Total BV normally accounts for 6-7% of lean body weight and 11-12% of total body fluids [3]. The importance of an adequate BV in maintaining normal organ perfusion is well recognized, and several early studies by Warren et al. [6,7] and others have demonstrated the importance of the role of the interstitial fluid compartment in supporting the maintenance of a normal intravascular volume. Shifts in the distribution of body fluid between the interstitial and intravascular fluid compartments as a function of transcapillary oncotic and hydrostatic disequilibria have been recognized since the early work of Darrow and Yannet [8] which evolved from the even earlier observations by Starling [9] who described the transcapillary exchange of fluid from the interstitial space as a principal mechanism for PV restoration. The balance of Starling forces across the capillary wall normally establishes an equilibrium resulting in stable no net movement of fluid in steady-state conditions. However, the decrease in capillary hydrostatic pressure as occurs in HF with impaired cardiac output dictates the net movement of interstitial fluid into the intravascular space in an attempt to restore effective circulating BV and maintain normal organ perfusion. This reserve capacity of the interstitial fluid compartment, therefore, provides a compensatory mechanism to support PV expansion in HF patients, but the heterogeneity in how this mechanism plays out, from patient to patient, due to multiple confounding influences (differences in systemic systolic blood pressure, opposing oncotic forces, changes in capillary permeability, lymphatic drainage, degree of neurohormonal activation, and intrinsic renal function, among others) is significant and, therefore, makes the extent of BV expansion highly variable and the degree of benefit (compensatory PV expansion) or detriment (pathophysiologic PV expansion) difficult to determine without a quantitative method of intravascular volume assessment. The physiologic PV expansion that contributes to maintaining an overall normal total BV as occurs, for example, with blood loss hemorrhage is a compensatory mechanism, while an excess in PV expansion that contributes to greater than normal total BV (e.g. volume overload in HF) is pathologic and potentially has long-term detrimental consequences.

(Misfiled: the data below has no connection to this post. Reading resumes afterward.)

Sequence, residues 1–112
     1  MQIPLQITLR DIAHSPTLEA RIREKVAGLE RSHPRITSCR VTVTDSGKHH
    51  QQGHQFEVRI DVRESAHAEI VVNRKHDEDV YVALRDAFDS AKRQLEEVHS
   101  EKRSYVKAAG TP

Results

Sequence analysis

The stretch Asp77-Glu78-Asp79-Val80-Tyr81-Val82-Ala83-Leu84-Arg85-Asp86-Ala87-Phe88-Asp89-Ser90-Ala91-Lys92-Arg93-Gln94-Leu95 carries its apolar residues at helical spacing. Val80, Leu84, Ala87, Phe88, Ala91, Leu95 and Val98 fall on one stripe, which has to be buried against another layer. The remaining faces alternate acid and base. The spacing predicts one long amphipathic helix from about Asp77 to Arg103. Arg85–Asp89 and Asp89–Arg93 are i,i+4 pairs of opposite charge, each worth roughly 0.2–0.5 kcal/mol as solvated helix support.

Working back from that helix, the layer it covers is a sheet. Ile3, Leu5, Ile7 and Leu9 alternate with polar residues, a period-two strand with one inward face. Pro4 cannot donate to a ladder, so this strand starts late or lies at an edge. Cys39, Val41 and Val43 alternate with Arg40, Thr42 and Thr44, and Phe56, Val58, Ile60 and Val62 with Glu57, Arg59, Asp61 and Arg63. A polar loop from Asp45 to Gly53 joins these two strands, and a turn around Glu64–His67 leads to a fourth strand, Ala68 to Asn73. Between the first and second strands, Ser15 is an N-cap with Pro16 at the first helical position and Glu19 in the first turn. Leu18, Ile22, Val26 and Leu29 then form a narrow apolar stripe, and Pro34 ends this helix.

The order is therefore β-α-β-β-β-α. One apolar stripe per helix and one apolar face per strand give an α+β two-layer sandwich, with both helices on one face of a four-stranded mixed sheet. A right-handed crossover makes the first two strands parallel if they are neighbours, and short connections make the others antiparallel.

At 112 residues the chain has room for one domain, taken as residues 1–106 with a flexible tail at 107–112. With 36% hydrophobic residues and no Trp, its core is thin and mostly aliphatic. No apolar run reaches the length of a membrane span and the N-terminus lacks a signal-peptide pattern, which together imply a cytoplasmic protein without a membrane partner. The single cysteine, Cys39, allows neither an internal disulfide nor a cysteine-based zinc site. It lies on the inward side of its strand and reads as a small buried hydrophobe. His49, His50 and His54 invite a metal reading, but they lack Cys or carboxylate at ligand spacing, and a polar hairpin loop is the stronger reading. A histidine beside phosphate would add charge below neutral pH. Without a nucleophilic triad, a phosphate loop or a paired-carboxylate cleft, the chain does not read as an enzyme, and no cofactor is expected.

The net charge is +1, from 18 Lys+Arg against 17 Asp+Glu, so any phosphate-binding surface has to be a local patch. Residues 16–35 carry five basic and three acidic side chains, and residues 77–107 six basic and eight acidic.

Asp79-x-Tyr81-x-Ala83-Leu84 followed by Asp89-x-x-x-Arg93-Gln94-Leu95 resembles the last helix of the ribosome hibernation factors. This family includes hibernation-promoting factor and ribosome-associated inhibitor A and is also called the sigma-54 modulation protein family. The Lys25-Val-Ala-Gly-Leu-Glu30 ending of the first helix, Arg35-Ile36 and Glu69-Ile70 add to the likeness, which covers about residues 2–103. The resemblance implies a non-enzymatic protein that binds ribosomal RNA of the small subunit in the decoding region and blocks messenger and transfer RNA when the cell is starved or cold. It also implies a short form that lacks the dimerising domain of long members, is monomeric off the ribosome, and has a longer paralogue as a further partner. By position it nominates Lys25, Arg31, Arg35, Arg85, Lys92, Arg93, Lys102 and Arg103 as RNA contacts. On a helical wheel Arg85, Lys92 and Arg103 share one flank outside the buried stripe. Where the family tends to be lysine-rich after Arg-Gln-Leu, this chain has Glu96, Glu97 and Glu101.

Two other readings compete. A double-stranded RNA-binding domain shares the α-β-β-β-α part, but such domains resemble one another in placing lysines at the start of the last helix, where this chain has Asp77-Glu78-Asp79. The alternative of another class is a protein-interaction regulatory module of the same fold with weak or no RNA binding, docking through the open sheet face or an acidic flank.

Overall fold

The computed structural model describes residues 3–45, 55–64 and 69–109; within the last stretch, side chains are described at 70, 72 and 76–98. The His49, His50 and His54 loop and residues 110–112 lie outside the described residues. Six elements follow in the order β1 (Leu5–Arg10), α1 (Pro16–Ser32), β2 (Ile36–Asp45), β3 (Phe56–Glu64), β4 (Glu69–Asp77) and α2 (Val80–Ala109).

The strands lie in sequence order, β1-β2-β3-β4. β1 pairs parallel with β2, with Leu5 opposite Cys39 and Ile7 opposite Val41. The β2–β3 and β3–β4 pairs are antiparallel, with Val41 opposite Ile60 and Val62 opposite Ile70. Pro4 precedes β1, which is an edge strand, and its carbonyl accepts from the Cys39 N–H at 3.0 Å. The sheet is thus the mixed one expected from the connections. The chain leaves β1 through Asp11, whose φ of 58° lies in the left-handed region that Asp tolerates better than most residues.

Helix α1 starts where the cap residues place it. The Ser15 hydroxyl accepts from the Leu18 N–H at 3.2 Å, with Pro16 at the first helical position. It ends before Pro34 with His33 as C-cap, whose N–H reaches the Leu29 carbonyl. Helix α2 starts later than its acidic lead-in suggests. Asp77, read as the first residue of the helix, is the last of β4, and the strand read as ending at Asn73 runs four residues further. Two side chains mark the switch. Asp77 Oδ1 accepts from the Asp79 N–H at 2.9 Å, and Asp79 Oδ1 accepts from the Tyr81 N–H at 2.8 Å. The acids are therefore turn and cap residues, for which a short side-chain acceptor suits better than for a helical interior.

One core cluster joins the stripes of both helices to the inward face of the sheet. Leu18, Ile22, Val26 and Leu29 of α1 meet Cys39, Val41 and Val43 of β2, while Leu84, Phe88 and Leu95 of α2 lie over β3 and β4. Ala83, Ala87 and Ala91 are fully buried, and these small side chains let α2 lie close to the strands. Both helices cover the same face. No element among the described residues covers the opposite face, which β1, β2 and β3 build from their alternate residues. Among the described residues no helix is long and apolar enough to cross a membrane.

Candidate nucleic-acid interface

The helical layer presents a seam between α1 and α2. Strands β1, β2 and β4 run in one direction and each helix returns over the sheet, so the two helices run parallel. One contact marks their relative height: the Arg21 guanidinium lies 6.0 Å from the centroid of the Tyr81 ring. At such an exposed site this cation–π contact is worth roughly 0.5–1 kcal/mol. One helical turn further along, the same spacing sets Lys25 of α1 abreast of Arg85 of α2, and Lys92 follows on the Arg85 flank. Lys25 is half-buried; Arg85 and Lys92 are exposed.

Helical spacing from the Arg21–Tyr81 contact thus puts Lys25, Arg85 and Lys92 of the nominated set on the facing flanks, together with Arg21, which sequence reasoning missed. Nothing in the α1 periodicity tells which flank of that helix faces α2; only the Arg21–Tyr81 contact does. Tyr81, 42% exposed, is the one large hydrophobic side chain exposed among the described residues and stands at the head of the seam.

Because increases or decreases in the volume of the interstitial fluid compartment contribute to corresponding changes in PV, their mutual regulation is closely aligned. Studies by Anand et al. [10] in untreated symptomatic HF patients with reduced ventricular ejection fraction, using indicator-dilution techniques to quantitate fluid volumes, demonstrated that the volumes of the interstitial and intravascular compartments expanded proportionately (33-35% above normal volumes). This occurs at least in part due to neurohormonal mechanisms stimulating increased renal sodium and water retention. The extent of interstitial volume expansion and, therefore, BV expansion has also been shown to be related to the severity of HF by NYHA functional class as reported in studies by Gibson and Evans [11] decades earlier, where the average BV excess (above expected normal volume) was >20%, while in class IV HF, there was an average deviation of +55% above normal BV. Marked heterogeneity in BV expansion has also been demonstrated with contemporary methods [5,12,13]. Variability in volume expansion and response to diuretic therapy reflects the influence of multiple recognized factors (e.g. systemic blood pressure, plasma protein concentrations, intrinsic renal function, the extent of neurohormonal activation, and the impact of medical therapies, particularly vasodilator therapies). Another often unconsidered factor is the variability in the capacitance or distensibility of the interstitial fluid compartment to accumulate fluid and expand over time. Normally, the interstitium is a low-compliance compartment, and a reduction in the capacity to expand (less tissue stretching) would be expected to be reflected in greater PV expansion (more net forces driving fluid into the vascular space) in the setting of increased fluid retention. With chronic HF, however, the interstitial compartment appears to develop into a high-compliance reservoir and, therefore, has an increased capacity to contain excess fluid volume. It has also been demonstrated that it is difficult to effectively reduce interstitial fluid accumulation to, in turn, control BV expansion in patients with chronic HF even when clinical findings of volume overload such as peripheral edema or dyspnea are no longer present [5,12].